If you’re a Utah local, it’s easy to think of the Northwest third or so of Utah as “THE SALT FLATS” and then to never think of them again. It becomes a lack of space that exists within spitting distance of the breathtaking mountain ranges usually associated with the Wasatch Front. The uniformity and sheer lack of anything leave the whole place completely without visual landmarks. If you want to see something truly surreal, look through images of the place. Swatch after swatch of easy gradient shifts, the sky reflected back at itself, and salt crystals so delicate that they stack like snow. Besides the brine shrimp of the Great Salt Lake, the only species flourishing are weird land artists and weird art tourists. We’ve seen a lot of it at Avant8, but it’s still hard to describe the installation art of the Bonneville Salt Flats. But if you’re looking for somewhere to be nowhere for a little while, we highly recommend it.
These little stone sentinels are usually more popular in wooded areas, a concept of stacking rocks by trailsides for visiting hikers. But on the Salt Flats, you’ve probably seen little villages of the white, steeple-like stacks along the side of the road. Homage to the god(s) of the desert? Animal instinct to fight the “snow blindness” of an empty horizon? A raging against the dying of the light? Up to the interpreter.
The Tree of Utah
You can know the story of the tree and still not understand the story of the tree. It’s the halfway point to Wendover, the closest gambling refuge to Utah, and its construction involves a vision. It is 87 feet tall. The sculptor (?), artist (?), visionary (?) was a Swede, born in Iran who left the tree to the State of Utah. He designed it to bring, “space, nature, myth, and technology together.” The partial spheres at the base of the tree represent the tree’s growth cycle. The orbs near the top that approximate branches are covered with rocks and minerals native to Utah.
The Spiral Jetty is an art installation on the edge of the Great Salt Lake. A series of stones are arranged into a super-human-sized spiral on what is sometimes the edge of the water. The Jetty leads out and curls around with a neatness and uniformity that rejects the randomness of the surroundings and inevitably draws a few visitors every weekend it isn’t frigid. The whole scene is reminiscent of crop circles but inverted in positive and negative space. If you go, be sure to walk the jetty in its spiral shape. Cutting across it is just not as fun.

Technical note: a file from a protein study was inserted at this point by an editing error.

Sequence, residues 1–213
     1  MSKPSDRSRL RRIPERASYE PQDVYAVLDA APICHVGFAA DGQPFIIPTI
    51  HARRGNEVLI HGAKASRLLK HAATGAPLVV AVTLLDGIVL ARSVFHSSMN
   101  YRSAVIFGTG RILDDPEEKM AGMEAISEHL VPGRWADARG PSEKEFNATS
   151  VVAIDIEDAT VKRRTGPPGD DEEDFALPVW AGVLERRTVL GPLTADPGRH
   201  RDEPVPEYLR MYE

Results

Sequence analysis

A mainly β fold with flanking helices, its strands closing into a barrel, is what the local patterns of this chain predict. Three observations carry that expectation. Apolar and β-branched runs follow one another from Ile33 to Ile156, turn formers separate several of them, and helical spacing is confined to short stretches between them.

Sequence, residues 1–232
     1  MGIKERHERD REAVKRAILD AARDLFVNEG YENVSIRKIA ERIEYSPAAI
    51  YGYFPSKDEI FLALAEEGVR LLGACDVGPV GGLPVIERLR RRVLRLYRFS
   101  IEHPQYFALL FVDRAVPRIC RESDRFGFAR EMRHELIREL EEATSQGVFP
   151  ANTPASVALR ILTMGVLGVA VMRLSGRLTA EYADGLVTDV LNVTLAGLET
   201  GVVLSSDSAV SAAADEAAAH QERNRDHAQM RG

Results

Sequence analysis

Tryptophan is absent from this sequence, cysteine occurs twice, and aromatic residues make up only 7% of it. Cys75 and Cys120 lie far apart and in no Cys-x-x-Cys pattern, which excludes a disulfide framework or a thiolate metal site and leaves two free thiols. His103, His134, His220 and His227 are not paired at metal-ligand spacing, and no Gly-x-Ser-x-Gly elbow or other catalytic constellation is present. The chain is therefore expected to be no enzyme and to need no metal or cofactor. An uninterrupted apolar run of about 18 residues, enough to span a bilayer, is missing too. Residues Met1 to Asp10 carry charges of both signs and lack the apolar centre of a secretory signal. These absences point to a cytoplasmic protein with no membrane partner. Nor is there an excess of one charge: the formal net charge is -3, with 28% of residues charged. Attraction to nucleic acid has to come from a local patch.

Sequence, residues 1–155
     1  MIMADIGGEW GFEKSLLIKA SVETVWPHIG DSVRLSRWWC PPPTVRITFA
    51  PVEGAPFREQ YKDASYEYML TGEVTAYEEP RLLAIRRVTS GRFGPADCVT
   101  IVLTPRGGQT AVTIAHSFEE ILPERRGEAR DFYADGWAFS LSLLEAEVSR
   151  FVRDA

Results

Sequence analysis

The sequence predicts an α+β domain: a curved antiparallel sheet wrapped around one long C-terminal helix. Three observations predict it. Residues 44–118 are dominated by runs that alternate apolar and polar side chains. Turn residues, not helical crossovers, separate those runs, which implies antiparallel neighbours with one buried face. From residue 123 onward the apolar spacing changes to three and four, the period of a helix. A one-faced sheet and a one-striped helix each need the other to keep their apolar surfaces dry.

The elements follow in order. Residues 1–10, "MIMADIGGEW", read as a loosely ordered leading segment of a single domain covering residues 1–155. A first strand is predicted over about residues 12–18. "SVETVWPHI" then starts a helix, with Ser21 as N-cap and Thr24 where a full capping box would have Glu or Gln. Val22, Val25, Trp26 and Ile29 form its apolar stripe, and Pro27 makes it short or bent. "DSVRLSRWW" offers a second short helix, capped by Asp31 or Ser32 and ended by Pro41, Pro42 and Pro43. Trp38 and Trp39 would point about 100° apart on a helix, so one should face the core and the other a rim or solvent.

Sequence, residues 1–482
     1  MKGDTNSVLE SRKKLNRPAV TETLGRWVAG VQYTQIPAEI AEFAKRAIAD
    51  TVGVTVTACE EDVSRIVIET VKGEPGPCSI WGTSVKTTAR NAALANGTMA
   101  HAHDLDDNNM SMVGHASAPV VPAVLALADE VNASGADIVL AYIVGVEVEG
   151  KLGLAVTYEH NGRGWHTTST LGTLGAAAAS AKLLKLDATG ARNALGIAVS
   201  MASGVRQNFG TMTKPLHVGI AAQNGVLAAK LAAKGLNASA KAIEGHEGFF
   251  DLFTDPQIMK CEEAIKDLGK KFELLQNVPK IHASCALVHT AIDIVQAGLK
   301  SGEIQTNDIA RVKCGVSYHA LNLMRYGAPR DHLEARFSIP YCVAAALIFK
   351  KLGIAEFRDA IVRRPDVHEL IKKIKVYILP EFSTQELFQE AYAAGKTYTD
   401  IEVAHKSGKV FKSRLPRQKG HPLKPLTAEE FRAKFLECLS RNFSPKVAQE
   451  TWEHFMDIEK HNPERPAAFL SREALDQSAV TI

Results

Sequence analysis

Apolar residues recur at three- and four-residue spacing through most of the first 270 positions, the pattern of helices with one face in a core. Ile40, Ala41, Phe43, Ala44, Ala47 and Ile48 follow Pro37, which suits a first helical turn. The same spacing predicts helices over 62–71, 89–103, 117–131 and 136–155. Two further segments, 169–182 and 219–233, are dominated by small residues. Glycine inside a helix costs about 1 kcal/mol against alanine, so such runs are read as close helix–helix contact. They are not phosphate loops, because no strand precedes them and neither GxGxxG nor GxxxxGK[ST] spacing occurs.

This middle of nowhere is about 40 miles West of Wendover along the border to Wyoming. There are four equidistant, x-arranged sections of concrete pipes tall enough for a short person to do loop de loops inside, as evidenced by the palimpsest left by skateboard tires. Drilled through the several inches thick concrete are periodic holes the relief the size of a can of Coke. During the day, they let in shafts of light that pierce the relative darkness the tunnels generate. At night, on astrologically significant dates, the holes align with the positions of certain constellations. On the Summer and Winter Solstices, the sun aligns with two of the four tunnels at sunrise and sunset (alternating each solstice, suggesting that the very heavens swing around this one spot.) On that day, land art hippies and astrology nerds gather to light bonfires and drink coffee and shiver in the cold morning for this magical (?), ridiculous (?) event.
Who Should Go to the Salt Flats?
Admittedly, this place is not Disneyland. This is a trip for photographers or yogis or anyone content to sit and watch for a while. Though the drives around the Flats can be long, it is a great destination for any kids that have been feeling cramped up. Small towns and cafes can be entertaining pit stops for children who have never played video games. Dogs will thrive on all the free space to roam without consequence and fascinating smells. We suggest that owners have a plan for keeping pooches out of the water or washing them off after (truly do not recommend).
Prepare Yourself, Adventurer
At Avant8, we highly recommend that adventurers go highly prepared into the Salt Flats. Cell reception is not reliable everywhere. Take fully charged phones and way more water than you need. Make sure someone at home knows where you are going and will follow up on when you’ll be back.
Steve Taylor, resident designer extraordinaire learned this the hard way. He said of the experience:
The Salt Flats in Utah, why wouldn’t you want to go? You see the most beautiful photos and sunsets that you want that experience too. Our family adventure started out wonderfully, a nice drive, nice weather, a nice picnic lunch, but all good things must come to an end. As we were driving across the Salt Flats our front tires suddenly sunk, they broke through the salt crust, and into the slimiest, thickest mud! When we found some wood scraps, we thought we found our saving grace, but they were no luck- our tires were too covered to grip the wood. After asking for help, one family said no- one great family said yes, we were STILL STUCK! No tow trucks, no shovels, no getting out. We dug and dug and dug in that thick mud, we were covered! After being stuck out in this beautiful place for 4 hours, our family came to save us! Yes, the Salt Flats are beautiful, but one visit may be enough for the Taylor family.
Fair enough, Taylors. Take 200 experience points, a mud hoard, and inspiration to use on your future endeavors.
Take care travelers!